ONBOARD THE QUEEN MARY 2 — Even royalty needs a facelift from time to time.
The venerable QM2 (if an ocean liner can be considered venerable at the age of 12) went under the surgeon’s knife earlier this year for a $132 million refurbishment that Cunard Line calls the ship’s “remastering.” It even has its own hashtag, #qm2remastered.
Cabins were added, a lounge was completely redone, the buffet restaurant was retooled and the ship was updated throughout.
The biggest change on the QM2 is undoubtedly the Carinthia Lounge, which takes the place of the Winter Garden just forward of the Kings Court buffet restaurant. Hotel director David Shepard called it “one of the most successful venues” of the remastering. “It’s become an extremely popular venue, day and night.”
I was a guest on the ship during its Aug. 9 eastbound transatlantic crossing, and I found that Shepard wasn’t exaggerating. At any time of the day, the Carinthia was busy.
People carried their lunch plates from the Kings Court or from a food station in the lounge itself; listened to live piano or jazz music; read or napped; knitted as part of a knitting circle overseen by one of the social staff; or admired the display of vintage ports going back more than 170 years. A bottle of 1840 Ferreira can be purchased for $4,445.
Shepard pointed out that unlike the Winter Garden, which had walkways straight through the room, the path through the Carinthia meanders just enough to cut down on the speed of walking passengers. And the color scheme of the room is a pleasing cream and blue, just right for slowing down and relaxing.
The Kings Court buffet also looks brand new. A new flow for passengers around the buffet makes things less crowded. Certainly it was bustling during peak breakfast and lunch periods, but I didn’t notice long lines at food stations or waits for tables.
Cunard created a bank of 15 cabins for single passengers on its second and third decks by reducing the footprint of the casino and photo gallery, respectively. I was a little surprised that Cunard shrunk the casino, but a smaller photo gallery makes sense, as almost every photo of every passenger could easily be found in an easy-to-navigate menu on about a dozen large touch-screen computers.
The Queen also has a new Deck 13 with the addition of 30 Britannia Club cabins.
In other instances, the remastering was subtle. For example, a pair of elevators was removed from the QM2’s Grand Lobby. My guide pointed out their absence; I’d totally forgotten about them. The room seemed just the same, if not more spacious and elegant, without the elevators.
For passengers dining in the exclusive Queens Grill, the restaurant was updated with comfortable new chairs and window treatments. Grillwork partitions edge out from the exterior wall at intervals, breaking up the room just so slightly. In the Queens Grill and Princess Grill, waiter stations were moved from the center of the room to adjacent to the galley entrances.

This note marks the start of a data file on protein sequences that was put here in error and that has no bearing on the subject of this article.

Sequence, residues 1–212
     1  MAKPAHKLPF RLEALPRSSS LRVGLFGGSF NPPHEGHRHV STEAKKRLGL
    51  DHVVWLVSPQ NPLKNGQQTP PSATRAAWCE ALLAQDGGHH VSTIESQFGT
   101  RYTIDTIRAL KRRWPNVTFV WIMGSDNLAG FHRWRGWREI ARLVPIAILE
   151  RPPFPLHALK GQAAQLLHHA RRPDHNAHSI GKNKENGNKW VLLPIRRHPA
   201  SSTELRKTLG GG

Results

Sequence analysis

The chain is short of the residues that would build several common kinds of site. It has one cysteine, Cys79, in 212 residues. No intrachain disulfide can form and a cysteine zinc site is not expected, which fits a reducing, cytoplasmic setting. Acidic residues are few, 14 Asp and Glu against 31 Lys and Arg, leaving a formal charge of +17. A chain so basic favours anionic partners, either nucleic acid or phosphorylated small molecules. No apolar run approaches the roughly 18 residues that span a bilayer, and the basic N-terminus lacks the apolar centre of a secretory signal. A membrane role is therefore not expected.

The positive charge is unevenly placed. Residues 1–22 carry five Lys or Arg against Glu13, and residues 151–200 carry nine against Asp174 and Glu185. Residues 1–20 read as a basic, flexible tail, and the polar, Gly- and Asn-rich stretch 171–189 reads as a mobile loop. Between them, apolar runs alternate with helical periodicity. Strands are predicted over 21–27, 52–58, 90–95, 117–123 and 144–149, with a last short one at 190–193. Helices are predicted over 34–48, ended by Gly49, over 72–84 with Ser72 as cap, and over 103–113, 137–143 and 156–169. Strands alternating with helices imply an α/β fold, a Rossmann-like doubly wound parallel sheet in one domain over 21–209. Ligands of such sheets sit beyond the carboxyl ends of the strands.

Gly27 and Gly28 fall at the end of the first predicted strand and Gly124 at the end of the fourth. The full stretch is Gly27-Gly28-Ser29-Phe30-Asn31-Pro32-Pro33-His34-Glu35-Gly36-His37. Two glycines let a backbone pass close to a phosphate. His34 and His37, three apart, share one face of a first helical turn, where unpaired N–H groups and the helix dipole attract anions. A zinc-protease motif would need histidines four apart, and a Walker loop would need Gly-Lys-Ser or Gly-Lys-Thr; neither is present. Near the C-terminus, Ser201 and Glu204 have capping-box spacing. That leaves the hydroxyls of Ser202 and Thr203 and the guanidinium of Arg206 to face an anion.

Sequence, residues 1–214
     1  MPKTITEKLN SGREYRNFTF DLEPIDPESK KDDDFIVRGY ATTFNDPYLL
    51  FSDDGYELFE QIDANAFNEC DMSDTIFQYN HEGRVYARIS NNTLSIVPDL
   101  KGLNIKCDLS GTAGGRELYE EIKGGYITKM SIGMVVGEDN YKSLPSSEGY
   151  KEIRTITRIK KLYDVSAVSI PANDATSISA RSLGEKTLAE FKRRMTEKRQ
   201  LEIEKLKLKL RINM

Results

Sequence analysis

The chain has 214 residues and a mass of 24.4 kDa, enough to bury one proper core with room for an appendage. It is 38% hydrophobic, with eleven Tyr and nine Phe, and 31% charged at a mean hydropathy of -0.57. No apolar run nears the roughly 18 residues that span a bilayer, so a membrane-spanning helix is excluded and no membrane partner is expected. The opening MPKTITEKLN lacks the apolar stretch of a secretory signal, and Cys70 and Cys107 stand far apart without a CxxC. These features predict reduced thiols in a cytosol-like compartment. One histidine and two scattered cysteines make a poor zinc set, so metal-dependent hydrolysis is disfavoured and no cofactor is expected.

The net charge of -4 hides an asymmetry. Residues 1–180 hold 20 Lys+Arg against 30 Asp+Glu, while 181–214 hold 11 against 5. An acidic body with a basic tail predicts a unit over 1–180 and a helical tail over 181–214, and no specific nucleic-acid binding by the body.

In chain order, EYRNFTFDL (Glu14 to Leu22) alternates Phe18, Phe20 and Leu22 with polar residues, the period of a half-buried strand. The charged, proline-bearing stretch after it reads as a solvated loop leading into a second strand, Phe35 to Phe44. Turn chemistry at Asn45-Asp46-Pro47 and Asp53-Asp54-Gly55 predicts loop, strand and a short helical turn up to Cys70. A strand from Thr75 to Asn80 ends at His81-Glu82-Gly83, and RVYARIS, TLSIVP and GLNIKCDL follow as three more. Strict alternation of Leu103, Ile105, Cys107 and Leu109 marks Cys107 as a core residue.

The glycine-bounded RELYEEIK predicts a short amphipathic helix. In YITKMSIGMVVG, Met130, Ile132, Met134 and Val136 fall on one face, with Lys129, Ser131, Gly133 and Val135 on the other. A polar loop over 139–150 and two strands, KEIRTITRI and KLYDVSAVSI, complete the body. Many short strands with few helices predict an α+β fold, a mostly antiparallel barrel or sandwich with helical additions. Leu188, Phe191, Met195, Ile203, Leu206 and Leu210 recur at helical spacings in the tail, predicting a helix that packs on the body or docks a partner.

The cabins are in the process of being updated to slightly more modern lines. A fountain was removed at the entrance to the Canyon Ranch SpaClub.
The remastering video in our cabin showed a time lapse of the hull being scrubbed and repainted. My balcony on deck 4, which was cut from the hull, was clean and showed no signs of paint buildup. Technical and structural changes were also made.
But past passengers expecting a serious overhaul of the Queen won’t be in for a shock. Cunard Red will always be Cunard Red. The color schemes and formal touches remain the same, especially on decks 2 and 3, where the Britannia restaurant, Royal Court Theater and Queens Room are still the focal points of the evening. Guests still walk past the giant art deco panels on the wall on their way to the restaurant or Chart Room.
The formality and tradition of the transatlantic crossing remain intact. “It’s the sense of occasion for me,” Shepard said. “It’s all about a formal, memorable impression.”
During the cocktail party on formal night for Britannia-level passengers, the ship’s captain, Christopher Wells, quipped: “Cunard has spent 100 million … changing the carpets, ladies and gentlemen.”
That wisecrack got a lot of laughs, but there was plenty of new carpeting around the ship, including sunbursts on the elevator landings that were inspired by designs from the original Queen Mary.
A short documentary and time-lapse video of the remastering showed how much of the inspiration for the QM2 was taken from the Cunard archives.
For example, the Todd English specialty restaurant was replaced by the Verandah, a French restaurant that takes its name from the original Queen Mary. The concept has been updated, however. The original Verandah was available only to First Class passengers, while on the QM2 anybody can book a table.